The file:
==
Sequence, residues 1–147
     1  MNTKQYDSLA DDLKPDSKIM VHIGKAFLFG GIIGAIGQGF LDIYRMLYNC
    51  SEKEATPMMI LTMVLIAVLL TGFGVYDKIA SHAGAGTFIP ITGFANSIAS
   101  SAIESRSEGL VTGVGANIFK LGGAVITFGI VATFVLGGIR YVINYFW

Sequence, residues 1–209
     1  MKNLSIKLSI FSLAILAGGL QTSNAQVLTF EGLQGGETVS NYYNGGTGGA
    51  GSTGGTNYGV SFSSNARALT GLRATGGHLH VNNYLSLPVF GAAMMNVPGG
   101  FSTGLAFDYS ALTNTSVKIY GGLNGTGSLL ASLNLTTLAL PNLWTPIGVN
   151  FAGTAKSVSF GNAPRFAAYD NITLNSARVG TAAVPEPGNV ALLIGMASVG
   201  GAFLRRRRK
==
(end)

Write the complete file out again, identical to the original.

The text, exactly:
Sequence, residues 1–147
     1  MNTKQYDSLA DDLKPDSKIM VHIGKAFLFG GIIGAIGQGF LDIYRMLYNC
    51  SEKEATPMMI LTMVLIAVLL TGFGVYDKIA SHAGAGTFIP ITGFANSIAS
   101  SAIESRSEGL VTGVGANIFK LGGAVITFGI VATFVLGGIR YVINYFW

Sequence, residues 1–209
     1  MKNLSIKLSI FSLAILAGGL QTSNAQVLTF EGLQGGETVS NYYNGGTGGA
    51  GSTGGTNYGV SFSSNARALT GLRATGGHLH VNNYLSLPVF GAAMMNVPGG
   101  FSTGLAFDYS ALTNTSVKIY GGLNGTGSLL ASLNLTTLAL PNLWTPIGVN
   151  FAGTAKSVSF GNAPRFAAYD NITLNSARVG TAAVPEPGNV ALLIGMASVG
   201  GAFLRRRRK